By Joe Campbell
July 24th, 2009
There are quite a few ways to explain what is causing our health care and health insurance costs to skyrocket, but in terms of crude political terms, there are really only two possibilities: either health care costs are skyrocketing because the government is involved in a major way – with Medicare, Medicaid, the prescription drug benefit, the subsidy for employer-based coverage, etc.; or the market for health care and health insurance is inefficient independent of government interference.
I don’t have the expertise to resolve the issue – but to me it is telling that the costs of health care and health insurance began to rise exponentially not shortly after Medicare and Medicaid were begun, but during the early years of the Reagan administration with his derogatory fervor. Then the medical loss ratio began to decrease – as health insurance companies began to squeeze as much profit as they could from their businesses. In other words, the prices for health care and health insurance began to rise precipitously as Wall Street began to take a more assertive role in running the economy including health insurance. At the same time, the costs of government insurance has risen slower than that of private insurance companies.
Economists long ago discovered that health care markets are not efficient on their own – as most individuals do not treat health care as a typical service. Rather if people have a choice, they avoid using the service until they absolutely need it – and then are willing to pay whatever is necessary to get better. This also is demonstrated by the fact that despite the fact that America spends far more on health insurance than nations with similar health care systems, statistics show our overall level of care is generally lower than in these countries (fewer doctors per patient; a lower life expectancy; etcetera). At the same time, most individuals treat some level of health care as a right. Even right-wingers – as they decry the attempts to make health care a right in America – implicitly treat it as one when they tell the anecdotes about the 21-year old alcoholic who was denied a liver transplant under Britain’s system because the bureaucracy in place required him to prove he would not endanger his new liver. But unless getting medical treatment to extend this young man’s life is a right, why would anyone be outraged over it?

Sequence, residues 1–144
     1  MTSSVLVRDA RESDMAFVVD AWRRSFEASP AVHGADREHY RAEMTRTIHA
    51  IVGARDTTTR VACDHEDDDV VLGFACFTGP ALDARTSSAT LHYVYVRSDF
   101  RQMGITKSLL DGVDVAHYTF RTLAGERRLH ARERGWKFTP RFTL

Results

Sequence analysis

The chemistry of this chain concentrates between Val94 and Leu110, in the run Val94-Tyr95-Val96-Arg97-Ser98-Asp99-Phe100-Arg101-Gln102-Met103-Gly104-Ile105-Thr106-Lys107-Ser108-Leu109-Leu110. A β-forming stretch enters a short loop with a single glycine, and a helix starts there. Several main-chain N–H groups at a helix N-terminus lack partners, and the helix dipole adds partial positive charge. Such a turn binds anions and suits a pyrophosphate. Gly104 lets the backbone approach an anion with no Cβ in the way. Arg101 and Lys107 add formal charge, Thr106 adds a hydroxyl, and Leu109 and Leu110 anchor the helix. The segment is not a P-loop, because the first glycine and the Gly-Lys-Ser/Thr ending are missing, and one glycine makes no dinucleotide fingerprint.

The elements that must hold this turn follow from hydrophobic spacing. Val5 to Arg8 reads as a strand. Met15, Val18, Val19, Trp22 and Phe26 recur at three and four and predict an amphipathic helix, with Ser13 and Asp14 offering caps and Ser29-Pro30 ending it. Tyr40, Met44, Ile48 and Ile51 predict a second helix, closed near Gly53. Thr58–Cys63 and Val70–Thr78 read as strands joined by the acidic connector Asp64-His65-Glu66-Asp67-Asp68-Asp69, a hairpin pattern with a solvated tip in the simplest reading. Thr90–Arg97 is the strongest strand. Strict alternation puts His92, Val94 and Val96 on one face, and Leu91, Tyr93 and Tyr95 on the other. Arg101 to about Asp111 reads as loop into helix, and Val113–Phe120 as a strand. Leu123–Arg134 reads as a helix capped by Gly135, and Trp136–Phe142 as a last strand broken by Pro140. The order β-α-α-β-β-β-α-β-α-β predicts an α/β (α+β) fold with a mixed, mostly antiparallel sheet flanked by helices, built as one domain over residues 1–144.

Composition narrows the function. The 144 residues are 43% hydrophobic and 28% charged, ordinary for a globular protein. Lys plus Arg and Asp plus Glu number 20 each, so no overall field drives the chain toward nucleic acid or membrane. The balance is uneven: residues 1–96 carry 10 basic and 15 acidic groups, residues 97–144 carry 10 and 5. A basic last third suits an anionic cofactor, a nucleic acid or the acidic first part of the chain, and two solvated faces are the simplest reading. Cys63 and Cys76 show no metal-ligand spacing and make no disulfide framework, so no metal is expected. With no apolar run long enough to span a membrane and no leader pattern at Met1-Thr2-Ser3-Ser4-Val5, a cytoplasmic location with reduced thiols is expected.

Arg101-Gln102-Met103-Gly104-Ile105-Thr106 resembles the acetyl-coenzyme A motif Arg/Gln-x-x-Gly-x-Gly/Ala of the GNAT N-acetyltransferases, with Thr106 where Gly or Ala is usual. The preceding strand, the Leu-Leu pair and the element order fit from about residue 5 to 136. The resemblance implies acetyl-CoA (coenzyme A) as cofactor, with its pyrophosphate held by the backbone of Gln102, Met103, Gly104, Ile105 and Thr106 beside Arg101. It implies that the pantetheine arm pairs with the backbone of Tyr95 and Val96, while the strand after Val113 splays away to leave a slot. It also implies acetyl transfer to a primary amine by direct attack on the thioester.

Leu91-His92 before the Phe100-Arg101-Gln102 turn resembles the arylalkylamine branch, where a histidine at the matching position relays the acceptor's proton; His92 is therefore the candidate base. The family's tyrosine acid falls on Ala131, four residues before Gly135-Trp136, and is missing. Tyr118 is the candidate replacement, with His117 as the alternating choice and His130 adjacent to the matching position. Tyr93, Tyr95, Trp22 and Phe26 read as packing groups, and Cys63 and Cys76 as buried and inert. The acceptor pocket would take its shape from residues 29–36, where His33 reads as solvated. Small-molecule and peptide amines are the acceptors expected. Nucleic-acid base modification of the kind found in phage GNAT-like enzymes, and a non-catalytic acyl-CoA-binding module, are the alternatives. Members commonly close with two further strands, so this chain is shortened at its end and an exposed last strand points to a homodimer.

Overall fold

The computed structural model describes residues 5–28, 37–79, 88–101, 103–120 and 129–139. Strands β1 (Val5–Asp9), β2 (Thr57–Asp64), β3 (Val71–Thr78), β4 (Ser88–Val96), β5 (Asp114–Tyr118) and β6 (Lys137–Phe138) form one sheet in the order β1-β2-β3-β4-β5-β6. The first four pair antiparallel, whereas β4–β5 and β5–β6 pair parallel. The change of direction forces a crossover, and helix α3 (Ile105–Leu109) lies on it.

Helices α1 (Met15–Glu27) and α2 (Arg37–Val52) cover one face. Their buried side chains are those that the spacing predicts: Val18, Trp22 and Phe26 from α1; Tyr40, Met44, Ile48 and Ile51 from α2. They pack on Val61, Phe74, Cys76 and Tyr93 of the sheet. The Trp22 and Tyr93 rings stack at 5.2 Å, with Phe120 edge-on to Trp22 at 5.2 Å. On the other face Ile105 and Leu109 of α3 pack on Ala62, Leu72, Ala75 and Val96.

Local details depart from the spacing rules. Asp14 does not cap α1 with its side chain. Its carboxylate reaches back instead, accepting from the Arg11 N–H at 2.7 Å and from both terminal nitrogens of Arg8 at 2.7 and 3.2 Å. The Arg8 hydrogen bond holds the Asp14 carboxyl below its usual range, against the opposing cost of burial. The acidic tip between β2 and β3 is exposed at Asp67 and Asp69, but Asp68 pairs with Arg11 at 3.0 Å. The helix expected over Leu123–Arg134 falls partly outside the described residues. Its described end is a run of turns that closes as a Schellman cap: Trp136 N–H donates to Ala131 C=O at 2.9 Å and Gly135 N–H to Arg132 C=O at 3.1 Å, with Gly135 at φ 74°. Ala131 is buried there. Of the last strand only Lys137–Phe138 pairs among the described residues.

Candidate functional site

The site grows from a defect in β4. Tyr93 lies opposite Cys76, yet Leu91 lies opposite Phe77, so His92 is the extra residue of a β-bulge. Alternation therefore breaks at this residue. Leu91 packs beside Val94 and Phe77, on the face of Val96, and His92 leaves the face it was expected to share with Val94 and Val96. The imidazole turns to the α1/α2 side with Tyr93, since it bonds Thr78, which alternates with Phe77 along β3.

Because of these various factors, health care operates as an inefficient market as demand does not appreciably respond to changes in price. This helps explain how the health insurance industry began to fall under the sway of Wall Street and take on the telltale characteristics of a Wall Street-run corporation that exists primarily to generate exorbitant profits instead of to provide a service or product. When Wall Street focuses on an indursty, there follows certain predictable steps:
- as a precondition, there needs to be a market inefficiency that Wall Street can exploit; for example, the inflexibility of demand for a product or service allows the creation of a rapidly inflating bubble in costs;
- the pay of top corporation executives rises exponentially above that of most employees;
- increasingly, these executives began to make decisions that benefit their shareholders in the short-term so as to maximize their paychecks and keep their jobs;
- the product or service is degraded as corporations turn their focus to creating mass short-term profits;
- the inefficiences present initially are exacerbated;
- most important, many major risks and costs are deliberately externalized to the public so as to maximize private profits;
- at some point, this becomes unsustainable and the bubble bursts.
This is exactly what we saw in Exxon’s massive profits during the surge in oil prices in 2008; and it is very similar to what we saw in the housing market; and it is also clearly what we have seen with health care in America for the past twenty to thirty years as the inflation in health care costs far outpaced all else.